Lots of towns around New Jersey use history to encourage economic development and tourism–Morristown, Princeton, Montclair and, maybe soon, Verona.
This summer, Verona native Joe Arminio started a Facebook group to gather photos and stories of our past. “Old Verona” quickly grew to more than 1,800 members, who shared hundreds of pictures and memories on everything from their favorite places and people to key events.
The next step is to share Old Verona with an even wider audience. It now has a Web site and a lot of ambitious plans. Old Verona wants to raise funds for a wheeled trolley that could take visitors to our different points of history. (Verona had a trolley on tracks that was phased out in 1952.) It also plans to create a historical museum and visitors center.
“I travel a lot with my bands,” says Arminio. “Most of the towns we go to have a place to welcome travelers and introduce them to the town. Why not Verona?”
Before you scoff, consider this: We do have some unique history to share. George Washington may not have slept here, but there is some evidence suggesting that the general and the Marquis de Lafayette marched past the Priest house at 110 Claremont Avenue on their way to Morristown during the Revolutionary War. The so-called White Rock on the hilltop behind Centennial Field was a gathering place for Native Americans before then. More recently, Verona can boast of a park designed by the same company that created Central Park, Kip’s Castle (built for an inventive industrialist descended from one of New York City’s founding families) and Annin, the business that created the flag that was planted on the moon.
Many current and former town residents have signed on to handle different aspects of the project. In addition to Arminio, the executive committee consists of Anthony Tortoriello, the owner of FrankAnthony’s restaurant; Verona Fire Department volunteer Larry Burdett and Lisa Schroeder Klein, a Verona native and founder of the accounting firm L.S. Klein Associates in West Orange. Klein has been working with attorney Alex Graziano on the 501(c)3 filing to make the group a full-fledged non-profit.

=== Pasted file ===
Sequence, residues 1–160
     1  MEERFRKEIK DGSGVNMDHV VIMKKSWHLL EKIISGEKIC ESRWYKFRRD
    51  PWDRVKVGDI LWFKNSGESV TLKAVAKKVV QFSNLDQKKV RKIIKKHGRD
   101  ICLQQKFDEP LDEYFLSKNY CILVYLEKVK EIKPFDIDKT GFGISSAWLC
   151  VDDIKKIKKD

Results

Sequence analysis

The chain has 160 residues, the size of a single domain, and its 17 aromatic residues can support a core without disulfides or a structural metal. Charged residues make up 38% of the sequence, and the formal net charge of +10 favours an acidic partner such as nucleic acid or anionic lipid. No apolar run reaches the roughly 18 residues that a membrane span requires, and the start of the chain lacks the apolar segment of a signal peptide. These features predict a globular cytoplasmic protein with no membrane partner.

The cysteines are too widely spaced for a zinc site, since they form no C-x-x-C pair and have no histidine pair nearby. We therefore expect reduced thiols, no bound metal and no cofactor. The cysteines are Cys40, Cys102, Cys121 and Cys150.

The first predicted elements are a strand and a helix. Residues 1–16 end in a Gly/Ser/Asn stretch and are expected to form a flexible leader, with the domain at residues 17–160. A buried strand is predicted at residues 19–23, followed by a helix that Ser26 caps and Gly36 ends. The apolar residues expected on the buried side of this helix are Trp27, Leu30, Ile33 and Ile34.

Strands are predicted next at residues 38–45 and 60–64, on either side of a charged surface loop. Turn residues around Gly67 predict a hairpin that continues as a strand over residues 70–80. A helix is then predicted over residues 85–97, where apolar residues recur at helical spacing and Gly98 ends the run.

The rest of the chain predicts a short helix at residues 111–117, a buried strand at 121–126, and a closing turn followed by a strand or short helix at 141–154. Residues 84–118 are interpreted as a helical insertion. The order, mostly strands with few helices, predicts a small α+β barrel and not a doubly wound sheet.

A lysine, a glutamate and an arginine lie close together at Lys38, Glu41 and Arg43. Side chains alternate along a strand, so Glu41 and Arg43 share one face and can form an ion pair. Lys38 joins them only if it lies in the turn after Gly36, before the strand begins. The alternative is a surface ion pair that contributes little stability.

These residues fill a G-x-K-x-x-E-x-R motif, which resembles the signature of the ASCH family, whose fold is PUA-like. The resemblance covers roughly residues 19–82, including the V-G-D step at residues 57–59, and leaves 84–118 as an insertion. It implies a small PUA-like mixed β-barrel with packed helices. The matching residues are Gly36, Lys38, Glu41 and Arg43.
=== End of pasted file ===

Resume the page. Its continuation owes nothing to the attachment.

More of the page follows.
Chris Budesa has taken on the task of cataloging all the photos that have been contributed, while Tom Jung and Jim Cross are developing the Web site and Sue Bernard, now a Pennsylvania resident, edits the posts to it. Jessica Pearson refined the group’s mission statement. (Full disclosure: My family has lived in Verona since 1933, so I contributed photos and stories to the Facebook page and provided some guidance on the Web site.) Others with key roles in the project include Sue DeWitt, Bill Sona and Robert Caruso. Since Old Verona’s goal is economic development through tourism, Main St. Cottage owner Debbie Curran Galife will be the liaison to the business community.
Rather than reinvent the wheel, Old Verona has reached out to leaders of many groups in town like Bob Williams of the Verona Historical Society and Ben Blinder of the Landmarks Preservation Commission. There are also representatives of the town’s many social service groups like the Junior Woman’s Club (Doreen Arminio) and UNICO (Bonnie Cerio Sharkey).
Williams captured the spirit of the Old Verona project in his post about Verona’s history:
Behind every historic building is a story of the people who built and used them. Many of these people made significant contributions in molding our community and some like Michael Kiefer paid the ultimate price while defending the liberties and freedom of our nation.* Some of their stories are still known while many others have been covered by the veil of time.
If you want to help Old Verona, send an email to Joe Arminio by clicking here.
All photos contributed to Project Old Verona. Used by permission.